Break Out of Dieting Jail —
Diets are temporary and are rarely effective for sustainable behavior change. This year, focus on adding healthy behaviors to your lifestyle such as eating more fruits and vegetables or exercising frequently.
Focus on Balance — Try not to put too much stock in fad diets that promote one food group over another. Instead, stay balanced. All food groups are important because they perform specific functions in the body.
— We often eat quickly on the run or while watching TV, which takes not only the awareness, but some of the enjoyment out of meal times. As best you can, try to schedule at least 20 to 30 minutes for meals.
— When it comes to improving metabolism and energy, eating a balanced breakfast can give you that much needed jump-start to tackle the day or the new year.
Make Half Your Plate Fruits and Vegetables —
Fruits and veggies are packed with vitamins, minerals and fiber plus antioxidants to support your immune system. The different colors mean different nutrients, so be sure to get a variety of colors each day.
Get to Know Food Labels
— Food packages make a wide variety of claims. If you are trying to make a purchase decision based on nutrition, the best place to check would be the nutrition facts label, which is more tightly regulated and consistent.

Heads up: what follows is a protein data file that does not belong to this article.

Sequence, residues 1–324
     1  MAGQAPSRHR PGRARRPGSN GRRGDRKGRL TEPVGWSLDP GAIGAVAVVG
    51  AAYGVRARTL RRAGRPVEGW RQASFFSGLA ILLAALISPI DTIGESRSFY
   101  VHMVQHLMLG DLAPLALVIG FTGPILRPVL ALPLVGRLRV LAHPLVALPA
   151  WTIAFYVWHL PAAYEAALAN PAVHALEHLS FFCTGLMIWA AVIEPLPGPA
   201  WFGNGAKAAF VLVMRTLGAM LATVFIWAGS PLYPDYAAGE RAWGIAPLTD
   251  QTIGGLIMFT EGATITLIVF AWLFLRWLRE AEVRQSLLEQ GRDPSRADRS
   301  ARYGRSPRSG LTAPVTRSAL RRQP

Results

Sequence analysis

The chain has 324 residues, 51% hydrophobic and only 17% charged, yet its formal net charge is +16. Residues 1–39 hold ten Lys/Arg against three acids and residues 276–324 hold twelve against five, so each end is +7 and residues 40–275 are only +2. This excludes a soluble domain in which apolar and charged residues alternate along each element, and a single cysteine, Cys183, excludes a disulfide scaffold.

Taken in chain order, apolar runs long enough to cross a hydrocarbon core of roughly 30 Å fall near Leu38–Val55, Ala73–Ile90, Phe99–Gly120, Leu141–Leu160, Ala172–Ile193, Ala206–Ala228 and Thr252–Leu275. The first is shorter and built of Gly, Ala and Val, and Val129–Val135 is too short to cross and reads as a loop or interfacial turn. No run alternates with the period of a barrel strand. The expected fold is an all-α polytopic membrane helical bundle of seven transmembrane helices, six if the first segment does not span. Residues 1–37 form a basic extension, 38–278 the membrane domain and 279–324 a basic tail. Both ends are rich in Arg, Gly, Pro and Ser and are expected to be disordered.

Give Up the Guilt — Guilt is only a good thing when it motivates you to positive change, not if it gives you the chance to put yourself down. It is the same with food. Good nutrition is determined over time, not based on one day or meal.
— Obesity persists as a major health concern. It is common for conversations about weight to occur at home and often at the dinner table. This can be emotionally harmful, especially for children and teens who are still developing physically. It is more helpful to talk positively about the nutrients that food can provide to support the body.
Elizabeth Hall, MS, RDN, LDN
Corporate/Retail Registered Dietitian
Food City, K-VA-T Food Stores, Inc.